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31 their headquarters buildings were monitored by video sur- surveillance at the entrance to its yard in this category and veillance but a small number indicated that all agency loca- another included pedestrian crossings near a bridge. This tions, including satellite offices, were monitored. Customer small system, in operation since 2004, also reported that it service areas and public lobbies; TVMs; and warehouses, relied on surveillance only along its ROW and that no other storerooms, loading docks, and commissaries were among portions of the transit system were monitored by video cam- the locations listed as under video monitoring. One agency eras. Phoenix's Valley Metro (another case study agency) did noted that its incline plane control station and the souvenir not state in its questionnaire response that it employs any gift shop were monitored. ROW surveillance, but protection of its Town Lake Bridge in Tempe, Arizona, is a major element of its surveillance network (see chapter five). RIGHT-OF-WAY SURVEILLANCE Although passenger rail systems do not generally con- Use of video surveillance technology along the ROW was duct surveillance of the ROW, a number of bus systems uncommon. Of the 43 responding agencies, only 14 indi- have employed it to assist in injury claims adjudication or, cated that they used surveillance along the ROW. Of these, less frequently, to monitor for suspicious activities. In these 12 indicated its use primarily near stations. Only two agen- instances, cameras were installed not only inside buses to cut cies reported the use of surveillance at grade crossings and down on crime and vandalism, but also outside the vehicles two indicated its use at interchanges with other railroads to monitor activity along the bus route and to alert operators (Table 6). to suspicious activities. For instance, HARTline, in Tampa, Florida, began using surveillance along its bus transitway in the 1990s to alert supervisors to suspicious activities. Bro- TABLE 6 ward County, Florida, did the same, hoping to cut down on LOCATION OF RIGHT-OF-WAY VIDEO SURVEILLANCE crime and vandalism but also on accident and injury claims Installation Location No. that drivers could not verify owing to their inability to moni- Near Stations, Station Platforms, 12 tor all areas of the bus from the front seat (Gilbert 1995). or Shelters At Grade Crossings 2 Intercity Transit in Olympia, Washington, which main- tains 22 separate bus routes, installed cameras on its approx- At Interchanges with Other Rail 2 Systems imately 100 buses and vans to better managing public safety and to mitigate liability. A 35% increase in riders over a In High Disorder/Crime Areas 3 5-year period, combined with a number of assaults in down- Other 7 town Olympia, led to the decision to integrate the cameras into the existing global positioning system (GPS) and alarm The number of uses exceeded the number of agencies systems to "increase security initiatives, deter vandalism because some agencies that employed ROW surveillance and theft, mitigate accident and liability claims, and enhance used it in multiple locations. Illustrative of the importance of operations." According to transit management, although local decision-making, it is difficult to generalize about the none of the assaults were on bus operators, stabbings near agencies that employed ROW surveillance or about the sub- the transit system led to customer fears of crime, a concern categories listing where they used it. For instance, the two that it was believed would be addressed by the added sur- systems that reported using surveillance at grade crossings veillance ("More Traffic..." 2007). This is an example of a included an old, established West Coast multimodal system transit agency's awareness of the whole journey concept. By and a light rail system that recently added a small number of responding to events that occurred off its premises but in trolleys to augment its primarily bus transit system. Simi- its immediate area of operation, Intercity recognized that larly, the two systems that indicated use of surveillance at patron fear could discourage ridership. interchange locations were the same trolley system that had installed cameras at grade crossings and a long-established Deterring Trespassers with Video Cameras and Sensors Midwestern commuter rail line. Three agencies indicated the presence of surveillance equipment in areas they defined The increase in the number of cities using cameras to pho- as high disorder or crime areas. tograph and send summonses to red-light and right-turn- on-red violators has the potential to expand into a way to Seven agencies, including one case study agency (Min- provide ROW surveillance or, more likely, to photograph and nesota's Metro Transit), had installed surveillance in areas fine railroad crossing gate violators. Although none of the listed as "other"; in most of these instances, "other" was transit agencies specifically mentioned using surveillance defined as critical areas such as subways, bridges, and tun- this way, a number have turned to photo enforcement cam- nels. Of these agencies, all but Metro Transit were commuter eras to minimize deaths and injuries and to mitigate liability or heavy rail systems, although one smaller system included at rail crossings.
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32 LACMTA installed photo-enforcement cameras along other public documents. Relying on these sources, among the Blue Line in 2007; violators were fined a minimum of the transit systems that have installed motion detectors and $271 for the first offense (Abdollah 2007). In early 2009, the sensors are MTA (New York and Connecticut), MTA-MD, city of El Mirage, Arizona, expanded its traffic cameras to LACMTA, Amtrak, WMATA, NJT, SEPTA, and MBTA. a Burlington Northern Santa Fe (BNSF) railroad crossing, Most but not all of these agencies purchased all or part of contracting for a system called Redflexrail, which detects their sensor systems with the help of DHS grants. However, when vehicles drive around railroad crossing gates and not all published sources are reliable; as recently as 2009, also records the bell sounds and whistles of approaching at least one video surveillance blog stated that BART had trains. As with most red-light camera operations, the costs announced in 2007 that it would be expanding its existing of installation, operation, and maintenance is borne by the surveillance system to include cameras along the tracks, but contractor and the city pays the company a portion of the responses by BART to this synthesis' questionnaire did not fines that are collected. Although the idea was not BNSF's, confirm this information. the freight railroad has been in talks with other contractors about implementing camera-based crossing enforcement. Right-of-Way Trespassing A BNSF spokesman noted that the railway supported video enforcement because it could "influence driver behavior at Deterring trespassers from the ROW is an area in which rail crossings and increase driver safety" (Leung 2009). crime prevention and risk mitigation strategies and concerns overlap. Trespassers may be innocent of any ill intentions A similar plan was instituted in Sydney, Australia, in toward the transit system, but they may cause damage to 2006, when mobile cameras, fences, and warnings signs property or injury to themselves. They may also be malevo- were erected along a number of rail corridors in a campaign lent. Reviewing the British response to IRA terrorism as part intended to deter people from walking over the tracks. The of a larger study, Protecting Public Surface Transportation initiative was instituted after CityRail reported more than Against Terrorism and Serious Crime: Continuing Research 2,300 instances of trespassing in 20052006, resulting in 23 on Best Security Practices, undertaken for MTI, Brian Jen- deaths and 11 serious injuries. The remote-controlled cam- kins and Larry N. Gersten found that as stations were better eras, called Spycams, which cost about $250,000 each, can protected, usually through use of video technology, attack- be used in poor light and at night and are portable enough to ers moved their attacks to switch boxes and areas away from be moved to trespassing "hot spots" by railway employees stations (p. 20). (Silmalis 2006). A number of U.S. rail agencies use similar mobile cameras mounted on lifts with adjustable heights to Because these crimes often occur in remote locations, provide temporary coverage in outdoor parking lots where a they are difficult to solve, as with the derailing of Amtrak's series of crimes have been reported. The cameras are then Sunset Limited in Hyder, Arizona, on October 9, 1995, about moved to new areas as problems and activity shifts from 59 miles southwest of Phoenix, Arizona, on an isolated por- facility to facility. tion of Southern Pacific Railway's ROW. The train carried 248 passengers and a crew of 20; the derailment caused 65 A number of the case study agencies (see chapter five) injuries and the death of one employee. Property damage was are using or are planning to use photo enforcement in com- estimated at close to $3,000,000. The crime had been com- bination with sensors to deter both vehicles and pedestrians mitted by the removal of spikes from the rails, the removal trespassing on their alignments. Metro Transit uses cameras of nuts and bolts from the rail joints, and the disabling of the equipped with analytics to monitor portals into tunnels and signal system, in addition to other acts of vandalism. Despite at Minneapolis' Lindbergh Airport to supplement its intru- evidence found at the scene indicating an intentional derail- sion detection system. Houston's METRO is in the process of ment, the crime has never been solved (Terrorism in Surface expanding its surveillance network to add cameras along its Transportation 1996). alignment that would monitor nontransit vehicles that make illegal turns into its alignment. PAAC has relied on chemi- Such incidents are not unique to the United States. In the cal/radiation-detection sensors in a number of its downtown 2007 RAND Corporation study Securing America's Passen- subway stations since 20062007. And Valley Metro relies ger-Rail Systems, Jeremy M. Wilson and colleagues broke on a combination of intrusion detection and surveillance down terrorist attacks on rail systems worldwide from 1998 cameras to protect the Tempe Town Lake Bridge. through 2006. Their database contained 24,000 attacks, of which 455 were against solely rail targets (2% of the total). Many transit systems are reluctant to discuss their use They also noted that recent attacks were more numerous and of sensors, particularly because many of the installations were a source for concern owing to the number of causalities are seen as terrorist-related early warning systems for and significant damage to the rail system that they caused. detection of chemical, biological, radiological, nuclear, and Further refining their database to 886 incidents, they found explosive materials. Despite this, some information can be that of incidents where a weapon was involved, the percent- gleaned from media accounts, vendor announcements, and age that occurred inside railcars, in stations, and on the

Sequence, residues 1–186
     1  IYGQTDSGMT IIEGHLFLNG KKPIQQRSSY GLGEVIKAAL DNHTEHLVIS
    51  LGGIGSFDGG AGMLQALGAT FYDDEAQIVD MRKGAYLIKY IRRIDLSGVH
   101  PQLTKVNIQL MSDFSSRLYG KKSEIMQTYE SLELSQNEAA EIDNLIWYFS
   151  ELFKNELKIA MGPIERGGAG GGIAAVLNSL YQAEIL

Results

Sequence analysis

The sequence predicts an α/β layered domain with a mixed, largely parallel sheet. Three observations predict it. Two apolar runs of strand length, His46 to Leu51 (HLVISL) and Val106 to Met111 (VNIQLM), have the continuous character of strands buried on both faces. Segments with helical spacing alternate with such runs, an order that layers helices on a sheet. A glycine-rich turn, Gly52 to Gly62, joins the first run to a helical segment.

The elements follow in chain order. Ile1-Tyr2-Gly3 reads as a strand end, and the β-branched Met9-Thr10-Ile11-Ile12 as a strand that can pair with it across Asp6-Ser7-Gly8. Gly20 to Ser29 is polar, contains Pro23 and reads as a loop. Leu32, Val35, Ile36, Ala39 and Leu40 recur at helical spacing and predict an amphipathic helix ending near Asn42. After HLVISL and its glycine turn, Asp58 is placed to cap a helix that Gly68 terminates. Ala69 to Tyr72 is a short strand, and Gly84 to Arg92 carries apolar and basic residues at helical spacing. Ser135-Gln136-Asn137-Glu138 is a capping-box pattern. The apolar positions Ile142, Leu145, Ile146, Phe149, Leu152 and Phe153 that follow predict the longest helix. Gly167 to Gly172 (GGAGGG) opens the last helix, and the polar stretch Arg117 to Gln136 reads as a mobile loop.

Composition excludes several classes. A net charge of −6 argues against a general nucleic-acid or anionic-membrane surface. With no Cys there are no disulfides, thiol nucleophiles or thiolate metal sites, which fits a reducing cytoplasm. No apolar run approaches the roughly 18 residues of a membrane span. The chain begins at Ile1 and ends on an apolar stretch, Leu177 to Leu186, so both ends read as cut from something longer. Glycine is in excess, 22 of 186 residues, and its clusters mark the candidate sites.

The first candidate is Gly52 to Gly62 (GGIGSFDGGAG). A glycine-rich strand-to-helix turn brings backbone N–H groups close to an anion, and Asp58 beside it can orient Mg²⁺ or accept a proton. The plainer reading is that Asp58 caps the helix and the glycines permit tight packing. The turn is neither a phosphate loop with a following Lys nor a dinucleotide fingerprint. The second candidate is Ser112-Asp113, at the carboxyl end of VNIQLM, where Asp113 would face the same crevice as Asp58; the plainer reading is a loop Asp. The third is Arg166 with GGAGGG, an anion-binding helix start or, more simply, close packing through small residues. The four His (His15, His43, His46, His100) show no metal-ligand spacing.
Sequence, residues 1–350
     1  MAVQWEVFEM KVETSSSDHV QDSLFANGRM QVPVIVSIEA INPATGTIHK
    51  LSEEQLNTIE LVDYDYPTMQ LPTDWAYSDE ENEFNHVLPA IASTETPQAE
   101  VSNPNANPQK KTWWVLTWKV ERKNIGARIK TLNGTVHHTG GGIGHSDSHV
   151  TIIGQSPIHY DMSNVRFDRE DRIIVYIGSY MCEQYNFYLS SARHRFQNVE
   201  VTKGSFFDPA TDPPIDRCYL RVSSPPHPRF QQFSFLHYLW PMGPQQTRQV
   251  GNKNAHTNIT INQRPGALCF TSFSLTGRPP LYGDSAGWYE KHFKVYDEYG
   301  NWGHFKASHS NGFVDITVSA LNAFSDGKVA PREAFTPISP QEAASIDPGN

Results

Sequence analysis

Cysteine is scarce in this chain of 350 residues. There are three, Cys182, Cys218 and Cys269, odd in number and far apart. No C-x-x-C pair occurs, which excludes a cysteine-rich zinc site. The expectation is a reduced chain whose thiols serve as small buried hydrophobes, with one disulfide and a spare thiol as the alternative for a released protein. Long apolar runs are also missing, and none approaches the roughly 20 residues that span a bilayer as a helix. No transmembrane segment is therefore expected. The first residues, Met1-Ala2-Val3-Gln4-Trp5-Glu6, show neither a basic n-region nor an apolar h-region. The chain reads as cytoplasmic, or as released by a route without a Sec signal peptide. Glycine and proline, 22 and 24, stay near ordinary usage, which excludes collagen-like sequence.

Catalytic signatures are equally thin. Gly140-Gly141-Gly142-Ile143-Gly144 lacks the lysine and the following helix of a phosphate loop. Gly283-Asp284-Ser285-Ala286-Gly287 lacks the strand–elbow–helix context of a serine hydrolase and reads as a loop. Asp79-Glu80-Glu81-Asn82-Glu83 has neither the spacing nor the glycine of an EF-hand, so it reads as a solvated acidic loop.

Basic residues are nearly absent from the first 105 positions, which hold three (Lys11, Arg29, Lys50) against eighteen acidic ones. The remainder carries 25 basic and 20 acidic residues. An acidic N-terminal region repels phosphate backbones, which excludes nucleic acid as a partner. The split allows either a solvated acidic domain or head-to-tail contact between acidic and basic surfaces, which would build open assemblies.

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33 tracks was virtually identical (26, 25, and 25, respectively). system and installation of chemical detection sensors along Of the incidents that occurred on the tracks, they consid- 5 miles of track. The combination of agencies involved in ered 79% to have been caused by bombings, 16% through the project includes police staff from Amtrak and CSX. Data sabotage (defined as damage without use of a weapon, such will be available to the Washington DC Metropolitan Police, as removal of rails or damaging equipment), 2% by armed the U.S. Capital Police, the National Park Service Police, and attack, and 2% by arson. Although it is impossible to con- other agencies to be authorized by DHS. firm this claim, video surveillance along the ROW might have prevented or in some way mitigated the effects of some In an earlier system upgrade that was also supported by of these track-related incidents. funds from DHS, the Delaware River Port Authority used its $3.8 million grant to upgrade surveillance at 14 rail stations Current DHS projects that involve passenger rail agen- and tunnels between rail stations adjacent to its 14-mile- cies are intended to provide ROW protection by extending long ROW. As part of the overall project, which included the reach of electronic video surveillance from patron and installation of more than 250 cameras and almost 100 emer- employee areas to the tracks. In addition to those mentioned gency telephones, cameras were to be installed above and as already having received DHS funding, system upgrades below the Ben Franklin Bridge, a seven-lane highway with currently under way generally call for a network based on tracks on either side that connects Philadelphia to southern surveillance and remote sensing equipment. One current New Jersey. The under-the-bridge cameras were intended to plan involves monitoring tunnels and tracks leading into monitor passing boats and mitigate the risk of a water-borne and out of Washington, D.C., as part of the National Capital terrorist attack (Stelter Sept. 2008). Region Rail Pilot Program and the Amtrak Security Pilot Program. The Rail Pilot Program, authorized in 2006 by the In a separate project, in 2006 the UPRR began to introduce National Capital Planning Commission, provided $10 mil- wireless surveillance video and sensors to its 7,000 locomo- lion for a pilot project to create a virtual boundary through tives with the aim of permitting centralized monitoring and an 8-mile section of ROW through the DC Rail Corridor, recording of a train's path, maintaining a record of brake use, which includes Union Station, L'Enfant Plaza, the Virginia and recording the use of horns and bells. The system is differ- Avenue and First Avenue tunnels, and the Long and Anacos- ent from Metrolink's use of surveillance inside locomotives. tia bridges. The UPRR plan is not meant to track the activities of engi- neers, but to permit locomotive operators to access video dur- According to the DHS notice posted in the Federal Reg- ing security-related events (Marcoux 2006, p. 14). ister in November 2007: "The virtual boundary (fence) shall consist of video camera technology integrated with intel- A number of areas involving ROW surveillance have so ligent vision interpretation software that will enable the far received limited attention, including the use of surveil- system to detect moving objects, detect intruders crossing lance onboard vehicles to monitor the ROW from inside virtual boundaries, identify personnel loitering in the area, the vehicles or from remote locations. As with the use of and identify unauthorized suspicious objects left behind or cameras and sensors for traffic or trespasser control, these objects removed along the rail line" ("Sophisticated Surveil- areas await further study. As technology improves and lance..." 2007, p. 44). information about these pilot projects receives wider pub- licity at rail industry gatherings and in industry publica- The system is based on real-time monitoring not only tions, it can be anticipated that there will be a greater focus of video images, but of data and alarm information at three in these areas, particularly if antiterrorism funds continue police communications centers; CSX Corp. will maintain to be available from DHS or if transit agencies develop one at its Jacksonville, Florida, headquarters and Amtrak methods for partnering with local authorities, particularly will maintain two, both accessible in Philadelphia and New in controlling unauthorized access to light rail alignments York City. Also part of the program is an explosive detection by road vehicles.